Laws are rules recognized by communities or societies which regulate the actions of their citizens. Laws differ from customs or conventions in that they can be legally enforced through the judicial branch of government and sanctions can be imposed upon those who have transgressed. In democratic societies, laws should ideally represent the views of society as a whole over time. This is because they must be approved by a democratically elected legislature before coming into force. On the other hand, current legislatures have the general ability to repeal laws made in previous generations. Two major categories of law are civil law and criminal law.
Civil law involves disputes being brought forward by private individuals or organizations against other private individuals or organizations. It seeks to compensate victims for losses stemming from wrongdoing committed by the other party. Ideally, the aim of civil law is not to punish wrongdoers, but rather to make them liable only for the wrong they have committed. Defendants are held to be either liable or not liable.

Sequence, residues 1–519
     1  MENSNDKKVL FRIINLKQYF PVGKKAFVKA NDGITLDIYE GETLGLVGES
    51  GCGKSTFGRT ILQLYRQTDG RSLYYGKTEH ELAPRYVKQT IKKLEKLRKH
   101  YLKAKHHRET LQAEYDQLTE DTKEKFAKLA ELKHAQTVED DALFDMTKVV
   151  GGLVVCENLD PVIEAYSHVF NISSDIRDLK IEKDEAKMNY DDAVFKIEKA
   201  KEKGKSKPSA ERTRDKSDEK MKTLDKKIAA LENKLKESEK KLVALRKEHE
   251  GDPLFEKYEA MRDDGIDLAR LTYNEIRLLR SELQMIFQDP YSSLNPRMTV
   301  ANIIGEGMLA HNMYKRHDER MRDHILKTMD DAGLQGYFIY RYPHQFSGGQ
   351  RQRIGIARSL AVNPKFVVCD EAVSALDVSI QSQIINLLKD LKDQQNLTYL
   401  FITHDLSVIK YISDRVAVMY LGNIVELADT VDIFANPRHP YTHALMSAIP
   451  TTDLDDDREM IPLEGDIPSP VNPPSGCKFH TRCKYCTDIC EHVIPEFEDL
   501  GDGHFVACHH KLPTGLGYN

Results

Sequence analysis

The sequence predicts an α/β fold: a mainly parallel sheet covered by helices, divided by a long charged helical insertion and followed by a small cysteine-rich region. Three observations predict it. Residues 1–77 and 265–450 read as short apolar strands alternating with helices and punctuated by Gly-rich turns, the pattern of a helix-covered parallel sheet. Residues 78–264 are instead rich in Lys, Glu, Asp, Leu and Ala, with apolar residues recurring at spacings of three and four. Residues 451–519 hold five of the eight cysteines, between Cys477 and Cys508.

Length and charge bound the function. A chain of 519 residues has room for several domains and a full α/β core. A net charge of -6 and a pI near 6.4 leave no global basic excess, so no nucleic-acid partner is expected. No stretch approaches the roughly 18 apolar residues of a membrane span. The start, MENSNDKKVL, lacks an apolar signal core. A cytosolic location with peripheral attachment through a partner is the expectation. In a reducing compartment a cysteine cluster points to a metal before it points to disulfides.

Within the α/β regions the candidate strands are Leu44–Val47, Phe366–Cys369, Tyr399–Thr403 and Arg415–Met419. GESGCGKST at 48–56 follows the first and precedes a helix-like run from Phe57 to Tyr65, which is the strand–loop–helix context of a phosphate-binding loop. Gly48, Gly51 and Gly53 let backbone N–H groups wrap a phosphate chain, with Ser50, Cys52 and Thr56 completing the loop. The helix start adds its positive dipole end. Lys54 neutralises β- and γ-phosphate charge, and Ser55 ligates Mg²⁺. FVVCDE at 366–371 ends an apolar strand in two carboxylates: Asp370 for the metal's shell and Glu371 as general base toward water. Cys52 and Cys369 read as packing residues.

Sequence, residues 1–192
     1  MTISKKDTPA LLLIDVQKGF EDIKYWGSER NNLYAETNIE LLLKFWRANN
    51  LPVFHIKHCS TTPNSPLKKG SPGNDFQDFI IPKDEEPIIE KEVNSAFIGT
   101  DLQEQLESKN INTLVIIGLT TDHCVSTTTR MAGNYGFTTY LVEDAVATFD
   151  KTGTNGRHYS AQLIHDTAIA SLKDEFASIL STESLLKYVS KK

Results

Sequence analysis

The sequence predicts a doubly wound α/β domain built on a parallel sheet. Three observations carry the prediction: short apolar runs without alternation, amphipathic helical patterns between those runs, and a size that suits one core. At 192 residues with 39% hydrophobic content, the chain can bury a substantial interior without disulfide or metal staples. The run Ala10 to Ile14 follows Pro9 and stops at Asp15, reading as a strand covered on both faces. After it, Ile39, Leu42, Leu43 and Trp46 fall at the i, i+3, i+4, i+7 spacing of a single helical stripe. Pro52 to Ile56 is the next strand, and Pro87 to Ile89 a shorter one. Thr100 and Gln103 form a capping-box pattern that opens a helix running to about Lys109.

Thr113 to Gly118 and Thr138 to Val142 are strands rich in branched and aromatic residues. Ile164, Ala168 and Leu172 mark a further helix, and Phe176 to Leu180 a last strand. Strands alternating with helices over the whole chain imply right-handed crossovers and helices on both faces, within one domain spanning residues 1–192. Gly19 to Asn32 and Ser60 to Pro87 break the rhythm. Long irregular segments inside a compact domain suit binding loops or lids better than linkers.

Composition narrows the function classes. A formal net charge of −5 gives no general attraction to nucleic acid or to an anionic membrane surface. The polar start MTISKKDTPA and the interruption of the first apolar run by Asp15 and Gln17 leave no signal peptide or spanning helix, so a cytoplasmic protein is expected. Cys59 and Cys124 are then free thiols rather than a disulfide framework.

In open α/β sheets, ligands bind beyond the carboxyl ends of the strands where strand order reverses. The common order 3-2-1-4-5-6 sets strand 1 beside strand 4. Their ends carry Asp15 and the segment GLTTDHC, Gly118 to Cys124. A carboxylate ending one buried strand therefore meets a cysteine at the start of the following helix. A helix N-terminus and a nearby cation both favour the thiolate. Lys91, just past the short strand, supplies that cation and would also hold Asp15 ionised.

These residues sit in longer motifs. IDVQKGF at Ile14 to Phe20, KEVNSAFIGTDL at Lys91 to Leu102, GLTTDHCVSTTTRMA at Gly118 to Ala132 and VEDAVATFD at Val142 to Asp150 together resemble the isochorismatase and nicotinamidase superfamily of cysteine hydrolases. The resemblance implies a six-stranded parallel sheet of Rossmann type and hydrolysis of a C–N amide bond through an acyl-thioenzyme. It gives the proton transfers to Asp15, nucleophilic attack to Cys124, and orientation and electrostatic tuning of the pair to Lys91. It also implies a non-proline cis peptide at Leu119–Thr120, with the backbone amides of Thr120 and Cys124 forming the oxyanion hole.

On the other hand, criminal law involves actions being brought by the state against individual citizens. Here the primary goal of the law is to punish wrongdoers for their transgressions, as well as deterring others from committing crimes in the future. Defendants are held to be either guilty or not guilty.
In federal states laws can generally be made at three different levels of government: local government, state government and federal government. Local authorities can only create laws relating to a narrow spectrum of issues affecting their specific communities, and have usually only been granted the power to do so by either state or federal governments. States are able to legislate within a broader range of policy areas, however when they come into conflict with laws made at the federal level, they are generally overridden.
See also: Legal Norm
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